Pros: Software is easy to use. Very good quality. Interesting
Cons: Not quite worth the effort.
Ji_Ga_Zo is a new puzzle idea from Hasbro.
Unlike other puzzles, this one does not come with a picture. It comes with software that creates the puzzle picture from a photograph that you provide. The idea was interesting enough that the Ji_Ga_Zo puzzle won a prize for best toy idea of the year. Not all "best of" winners prove out in practice. This new puzzle idea may not quite live up to the prize.
The puzzle comes packaged with a software installation disk, brief instructions that are easy to follow, a puzzle grid upon which you build the puzzle, and 300 puzzle pieces with different shading on each piece, and a matching coded image on the back side of each piece that helps you build the puzzle.
The software is relatively easy to install. The software requires the installation of a software product from Adobe called AIR. The installation of this software hung for some reason and I had to cancel the installation. I uninstalled the AIR software and tried again. The installation was then successful despite one small error.
The software is very easy to use and behaved flawlessly. There are preloaded puzzles of common images that can be used to create your first puzzle. But the real fun is in creating your own. Once you select to create a new Ji_Ga_Zo puzzle, you must load a photograph into the software. Once you select and load the picture of your choice, you can zoom into the portion of the picture that you want to create a puzzle from. Once selected, you give the new puzzle a name and select Create to make a new puzzle. As you watch, the software arranges the shaded puzzle pieces to match the photograph and displays the back side of the pieces that are used to construct the puzzle. The software is rather clever in how it does this. The strategy behind putting together the puzzle is no less clever.
The graphics on the back side of each piece are coded in four colors and the graphic images are grouped into obvious categories. For example, there are images of tools, insects, vehicles, etc. The clever design of this coding technique is very helpful in constructing the puzzle. When the software renders the puzzle, it does not display the final image. The software displays the back side of the puzzle pieces that comprise the puzzle. The image of the back side of the puzzle is to be printed out and used to construct the puzzle. This is where this puzzle idea diverts from other puzzles.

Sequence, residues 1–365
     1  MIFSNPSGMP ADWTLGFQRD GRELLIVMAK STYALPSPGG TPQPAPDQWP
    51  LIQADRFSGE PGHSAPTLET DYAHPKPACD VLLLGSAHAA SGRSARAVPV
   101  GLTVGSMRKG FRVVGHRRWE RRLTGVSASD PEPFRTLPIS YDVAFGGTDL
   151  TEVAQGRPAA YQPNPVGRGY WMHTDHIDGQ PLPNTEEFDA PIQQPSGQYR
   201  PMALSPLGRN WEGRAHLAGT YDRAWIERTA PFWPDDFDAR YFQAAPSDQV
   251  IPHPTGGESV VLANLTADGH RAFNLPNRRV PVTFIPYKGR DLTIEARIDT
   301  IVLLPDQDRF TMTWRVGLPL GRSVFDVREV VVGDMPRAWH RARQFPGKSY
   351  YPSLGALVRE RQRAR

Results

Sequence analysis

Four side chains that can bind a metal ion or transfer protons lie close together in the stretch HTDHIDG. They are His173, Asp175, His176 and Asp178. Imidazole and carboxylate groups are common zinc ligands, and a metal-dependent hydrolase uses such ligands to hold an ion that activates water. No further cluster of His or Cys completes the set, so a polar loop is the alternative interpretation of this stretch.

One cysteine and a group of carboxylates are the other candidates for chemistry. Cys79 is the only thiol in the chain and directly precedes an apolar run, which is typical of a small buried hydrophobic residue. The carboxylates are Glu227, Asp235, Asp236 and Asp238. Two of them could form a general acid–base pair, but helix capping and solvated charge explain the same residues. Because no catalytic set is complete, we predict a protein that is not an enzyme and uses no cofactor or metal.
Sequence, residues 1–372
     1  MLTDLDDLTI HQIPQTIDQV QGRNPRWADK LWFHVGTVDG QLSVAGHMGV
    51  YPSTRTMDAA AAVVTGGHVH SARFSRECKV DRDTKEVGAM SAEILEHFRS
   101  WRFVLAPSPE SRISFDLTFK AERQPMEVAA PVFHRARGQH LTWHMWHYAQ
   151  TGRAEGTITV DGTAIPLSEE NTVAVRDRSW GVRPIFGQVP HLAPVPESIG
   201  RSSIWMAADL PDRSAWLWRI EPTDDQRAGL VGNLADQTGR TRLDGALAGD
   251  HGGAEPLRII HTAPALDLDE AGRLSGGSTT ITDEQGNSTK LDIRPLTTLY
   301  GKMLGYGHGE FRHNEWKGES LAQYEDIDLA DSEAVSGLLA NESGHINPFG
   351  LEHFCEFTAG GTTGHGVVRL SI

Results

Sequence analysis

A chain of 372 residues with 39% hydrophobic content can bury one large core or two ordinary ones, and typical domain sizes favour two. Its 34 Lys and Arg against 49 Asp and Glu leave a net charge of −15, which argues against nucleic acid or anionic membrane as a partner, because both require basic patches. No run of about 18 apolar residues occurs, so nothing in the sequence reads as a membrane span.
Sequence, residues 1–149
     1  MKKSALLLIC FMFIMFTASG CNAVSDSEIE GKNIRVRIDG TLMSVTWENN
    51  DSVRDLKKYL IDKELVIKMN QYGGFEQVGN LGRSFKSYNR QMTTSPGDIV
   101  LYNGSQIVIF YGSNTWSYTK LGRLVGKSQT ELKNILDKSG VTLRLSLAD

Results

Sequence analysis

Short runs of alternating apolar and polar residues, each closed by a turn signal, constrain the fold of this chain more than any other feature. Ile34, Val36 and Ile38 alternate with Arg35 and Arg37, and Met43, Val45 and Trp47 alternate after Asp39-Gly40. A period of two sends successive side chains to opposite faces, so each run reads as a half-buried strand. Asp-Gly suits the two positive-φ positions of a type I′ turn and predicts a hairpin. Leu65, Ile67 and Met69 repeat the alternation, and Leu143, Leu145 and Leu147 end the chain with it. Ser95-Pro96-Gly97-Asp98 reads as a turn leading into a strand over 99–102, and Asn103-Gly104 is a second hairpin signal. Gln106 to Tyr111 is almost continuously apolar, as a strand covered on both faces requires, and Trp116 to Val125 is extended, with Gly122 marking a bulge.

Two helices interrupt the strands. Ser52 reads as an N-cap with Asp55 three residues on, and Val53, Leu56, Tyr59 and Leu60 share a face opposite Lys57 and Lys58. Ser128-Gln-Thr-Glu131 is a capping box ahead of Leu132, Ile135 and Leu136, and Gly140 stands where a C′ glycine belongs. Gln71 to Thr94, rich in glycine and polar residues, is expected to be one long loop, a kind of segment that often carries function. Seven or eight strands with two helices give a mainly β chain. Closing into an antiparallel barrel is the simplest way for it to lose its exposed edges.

The pieces of a conventional puzzle are matched up with the image on the box when the puzzle is constructed. The Ji_Ga_Zo puzzle is constructed by matching the code on each puzzle piece with the corresponding code on the diagram created by the software. The puzzle piece is then placed right side up on the matching coordinate on the puzzle grid. This technical approach to building the puzzle removes the enjoyment that is typically found in building a puzzle from a picture. And the final result is not quite worth the effort.
The completed puzzle is a mosaic of shadings that resemble the original photograph if seen from a few feet away. Interesting, but not something you would frame and hang on a wall. The software must use each of the 300 puzzle pieces to form the image. If the photograph is too dark, or too light, the software cannot cope and the image is either too dark or too light and vague. If there were more puzzle pieces to choose from, the software could select as many dark or light pieces it needed. The photographs selected for the puzzle must contain an even match of dark and light areas. I found that photographs of faces are rendered more successfully. This is probably because people naturally see faces in vague images.
I found this game on sale for less than 20% of its retail price. I suspect it was not very successful due to the issues I described. The game might be improved if there were more puzzle pieces and the pieces were in color. An option to print the resulting puzzle image directly without building the puzzle might have been a good option. It might be more fun to build the puzzle from a printed image, rather than from the coded grid. I discovered that the images used to construct the encoded image can be replaced with other images of your choosing. The results are somewhat entertaining, but not quite worth the price of admission, or the work involved to do it.
The game might not be a success, but I give Hasbro high marks for a well executed idea.